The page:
India Wants British Government Intervention To Restore Shooting In Birmingham Commonwealth GamesSep 5, 2019 | Pratirodh Bureau
India continues its relentless bid to get shooting back in the 2022 Commonwealth Games in Birmingham, with the country’s sports minister Kiren Rijiju seeking intervention of the British government for the event’s restoration.
The Indian Olympic Association (IOA) has already threatened to boycott the Games over exclusion of the discipline which supplied 16 of their 66 medals, including seven golds, at last year’s event at Gold Coast when they finished third in the medals table.
In the absence of shooting, which is an optional sport for host cities, India could slip to anywhere between fifth and eighth place in 2022, according to IOA estimates.
“I am writing this letter to seek your personal intervention to get the sport of shooting included in the Commonwealth Games …” Rijiju wrote in a letter to Nicky Morgan, the secretary of state for Digital, Culture, Media and Sport.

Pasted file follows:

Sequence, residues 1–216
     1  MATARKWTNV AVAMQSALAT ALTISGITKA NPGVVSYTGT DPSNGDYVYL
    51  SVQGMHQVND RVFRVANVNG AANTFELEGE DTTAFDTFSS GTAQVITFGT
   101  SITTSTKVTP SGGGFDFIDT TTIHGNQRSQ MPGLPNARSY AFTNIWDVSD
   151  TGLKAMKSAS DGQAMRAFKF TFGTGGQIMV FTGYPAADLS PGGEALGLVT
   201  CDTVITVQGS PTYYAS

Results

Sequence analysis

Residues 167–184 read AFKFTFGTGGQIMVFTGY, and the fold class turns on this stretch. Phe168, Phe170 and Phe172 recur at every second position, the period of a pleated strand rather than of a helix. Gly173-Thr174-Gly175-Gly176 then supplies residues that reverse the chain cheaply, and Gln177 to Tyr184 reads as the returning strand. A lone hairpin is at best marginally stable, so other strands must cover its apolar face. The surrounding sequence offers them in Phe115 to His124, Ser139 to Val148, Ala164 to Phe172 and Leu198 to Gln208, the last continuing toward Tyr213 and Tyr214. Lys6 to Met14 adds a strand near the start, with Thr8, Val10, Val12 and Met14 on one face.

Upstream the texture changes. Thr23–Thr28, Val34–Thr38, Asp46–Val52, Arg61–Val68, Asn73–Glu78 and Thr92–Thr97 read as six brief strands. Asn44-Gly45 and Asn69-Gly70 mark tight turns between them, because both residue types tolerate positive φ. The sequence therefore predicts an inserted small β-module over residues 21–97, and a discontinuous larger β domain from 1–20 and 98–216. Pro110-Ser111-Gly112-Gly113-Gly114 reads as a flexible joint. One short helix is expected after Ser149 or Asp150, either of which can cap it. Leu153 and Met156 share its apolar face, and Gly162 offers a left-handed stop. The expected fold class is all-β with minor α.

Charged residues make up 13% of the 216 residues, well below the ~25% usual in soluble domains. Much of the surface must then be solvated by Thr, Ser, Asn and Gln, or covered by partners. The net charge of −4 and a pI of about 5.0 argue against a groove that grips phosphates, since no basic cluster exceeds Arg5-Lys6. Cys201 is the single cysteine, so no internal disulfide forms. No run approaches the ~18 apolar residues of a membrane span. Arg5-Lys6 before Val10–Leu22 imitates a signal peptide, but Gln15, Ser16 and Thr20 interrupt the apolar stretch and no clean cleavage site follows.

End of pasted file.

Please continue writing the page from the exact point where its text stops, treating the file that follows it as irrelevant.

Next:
“It seems the decision to exclude shooting is based on the premise that shooting had never been a compulsory sport and there is no venue available for holding shooting events.”
Shooting federations, including the sport’s global governing body, wanted four disciplines in a single Bisley-based venue in Surrey and turned down the offer to have fewer disciplines in one Birmingham venue.
Rijiju said the exclusion of shooting, which has featured at every Games since 1966, with the exception of Edinburgh in 1970, has left many “agitated”.
He also took the occasion to remind what the absence of the world’s second most populous nation would mean for the Games.
“… the Commonwealth of Nations comprises of 53 nations with a population of 2.4 billion. India alone has more than half of this,” the minister wrote.
“India has always been a strong votary and supporter of Commonwealth and would continue to do so. The Indian public takes keen interest in shooting,” he added, pointing out that the international shooting federation had offered to share the cost of the sport’s inclusion.